When Should You Write in Scene vs. Summary?

Here are some general guidelines to help you determine which parts of your story should be written in scene and which parts should be written in summary. 

Keep in mind that these are not hard and fast rules, but rather guidelines to help you write the best, most impactful story possible.

Guidelines for Writing Scenes:

  • Scenes take place in real-time, which means they are almost always more impactful than summary. Scenes immerse the audience powerfully into the story. We want to dramatize the most important parts of your story for best effect on readers. Essentially, the more important the moment, the more likely it needs to be rendered as a scene. If the moment significantly progresses the character arc, plot, or theme, it needs to be a scene. 
  • Anything your story has been building up to should be a scene. The high points of your story (or any major turning points like the inciting incident, the midpoint, the all-is-lost moment, the global climax, key scenes of your genre, etc.) should almost always be dramatized in real-time. 
  • If you are working with multiple plotlines, all of the major events of the primary plot line should probably be a scene. The less important the plotline, the more you can get away with summarizing important events or even having those events happen off the page.

Guidelines for Writing Summaries:

  • Use summary when readers need to know that something happened, but it’s not important for them to experience it happening, play-by-play. For example, readers may need to know that XYZ happened, but they don’t need to “watch” it unfold in real-time. You can also use summary to provide readers with context around something they won’t get to see “in scene.” For example, if family X has a long history of not getting along with family Y, we should know that if family X is trying to sabotage family Y’s business.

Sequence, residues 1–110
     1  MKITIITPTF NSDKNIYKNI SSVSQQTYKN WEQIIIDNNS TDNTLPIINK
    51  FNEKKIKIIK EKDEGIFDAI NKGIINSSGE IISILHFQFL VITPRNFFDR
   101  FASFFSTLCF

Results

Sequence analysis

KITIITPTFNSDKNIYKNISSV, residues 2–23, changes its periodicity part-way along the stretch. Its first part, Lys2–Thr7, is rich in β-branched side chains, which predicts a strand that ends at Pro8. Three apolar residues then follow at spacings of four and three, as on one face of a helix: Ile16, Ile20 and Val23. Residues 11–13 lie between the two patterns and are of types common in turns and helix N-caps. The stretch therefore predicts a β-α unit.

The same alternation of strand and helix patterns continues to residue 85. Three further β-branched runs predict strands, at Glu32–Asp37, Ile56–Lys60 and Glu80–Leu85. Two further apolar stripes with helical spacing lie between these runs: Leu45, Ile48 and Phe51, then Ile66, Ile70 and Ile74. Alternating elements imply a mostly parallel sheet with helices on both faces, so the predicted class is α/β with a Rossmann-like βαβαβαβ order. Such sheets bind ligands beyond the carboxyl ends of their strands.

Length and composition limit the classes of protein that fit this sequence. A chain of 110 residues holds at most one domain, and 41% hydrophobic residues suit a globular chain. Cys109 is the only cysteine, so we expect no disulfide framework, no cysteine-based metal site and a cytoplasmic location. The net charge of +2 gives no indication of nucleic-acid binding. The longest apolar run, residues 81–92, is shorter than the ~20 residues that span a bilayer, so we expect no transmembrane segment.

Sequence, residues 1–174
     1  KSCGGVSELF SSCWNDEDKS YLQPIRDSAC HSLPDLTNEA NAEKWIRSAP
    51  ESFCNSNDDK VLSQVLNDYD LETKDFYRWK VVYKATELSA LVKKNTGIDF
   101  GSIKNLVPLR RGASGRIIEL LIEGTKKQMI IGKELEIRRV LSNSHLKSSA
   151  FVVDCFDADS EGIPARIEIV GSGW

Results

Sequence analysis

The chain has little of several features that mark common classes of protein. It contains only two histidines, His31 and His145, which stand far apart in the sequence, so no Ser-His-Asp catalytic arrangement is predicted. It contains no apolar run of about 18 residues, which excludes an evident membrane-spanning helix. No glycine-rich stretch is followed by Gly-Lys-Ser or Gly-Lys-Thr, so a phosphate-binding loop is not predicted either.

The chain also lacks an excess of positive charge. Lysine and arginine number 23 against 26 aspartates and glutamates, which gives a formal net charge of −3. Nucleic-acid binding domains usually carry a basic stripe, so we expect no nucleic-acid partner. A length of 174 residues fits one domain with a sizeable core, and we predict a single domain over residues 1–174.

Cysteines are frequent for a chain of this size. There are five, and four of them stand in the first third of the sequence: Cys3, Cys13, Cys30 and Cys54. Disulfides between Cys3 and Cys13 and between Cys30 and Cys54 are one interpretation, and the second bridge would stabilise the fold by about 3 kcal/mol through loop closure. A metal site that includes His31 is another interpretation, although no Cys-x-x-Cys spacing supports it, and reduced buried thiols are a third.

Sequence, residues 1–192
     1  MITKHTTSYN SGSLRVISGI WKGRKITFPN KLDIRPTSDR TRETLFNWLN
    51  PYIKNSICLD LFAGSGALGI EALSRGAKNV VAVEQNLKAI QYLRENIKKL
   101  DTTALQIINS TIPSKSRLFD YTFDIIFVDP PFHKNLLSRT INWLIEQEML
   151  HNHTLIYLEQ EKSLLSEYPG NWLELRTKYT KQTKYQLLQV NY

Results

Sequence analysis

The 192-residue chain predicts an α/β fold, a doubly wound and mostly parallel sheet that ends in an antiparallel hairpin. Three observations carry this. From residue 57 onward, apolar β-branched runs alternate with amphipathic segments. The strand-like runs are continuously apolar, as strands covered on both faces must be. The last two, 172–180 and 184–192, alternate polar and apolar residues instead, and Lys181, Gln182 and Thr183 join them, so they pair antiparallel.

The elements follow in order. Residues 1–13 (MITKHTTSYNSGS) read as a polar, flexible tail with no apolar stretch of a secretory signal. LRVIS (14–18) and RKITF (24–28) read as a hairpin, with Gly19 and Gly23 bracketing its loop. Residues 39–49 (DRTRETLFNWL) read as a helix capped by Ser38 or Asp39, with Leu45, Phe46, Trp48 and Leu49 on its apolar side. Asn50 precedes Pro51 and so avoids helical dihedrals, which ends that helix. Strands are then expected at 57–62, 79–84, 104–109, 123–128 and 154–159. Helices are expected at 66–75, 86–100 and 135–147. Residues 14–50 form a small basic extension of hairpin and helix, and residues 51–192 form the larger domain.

• Summary can be used to cover a broad length of time in a short amount of space. For example, if your characters have to travel somewhere, but the actual act of traveling isn’t important (or doesn’t yield any significant plot events or character development opportunities), you can summarize it. This is also true for conveying recurring events. If your character is always late, this can be summarized rather than shown in a play-by-play way.
  • Use summary to help you transition from one scene to another–especially if something important happened between scenes, but isn’t worth dramatizing into a full blown scene. For example, travel between places, a promotion at work that readers don’t need to see, weeks of boring activities, etc.

Now, you might be wondering… 

Is it possible to mix scenes and summaries? 

Yes! You can definitely mix scenes and summaries. For example, you might have a bit of a summary within a scene that briefly provides background information. Or, you may write a long passage of summary that has short moments of dramatization. 

In many cases, it’s hard to know what should be a scene vs. summary until you get to the end of your first draft. So, try not to be too strict about this, especially when you’re outlining or drafting. What’s most important is that you know the difference between what a scene is vs. what a summary is. You can worry about making scenes into summaries (or vice versa) when you’re in the revision stage.

If you want to learn more about writing scenes, check out my workshop called How to Write Better Scenes. In this workshop, I walk through five scenes (from five different genres) to show you where the key structural moments occur and how the author wove in backstory, worldbuilding, interiority, and more. Enjoy!

Savannah is a developmental editor and book coach who helps fiction authors write, edit, and publish stories that work. She also hosts the top-rated Fiction Writing Made Easy podcast full of actionable advice that you can put into practice right away. Click here to learn more →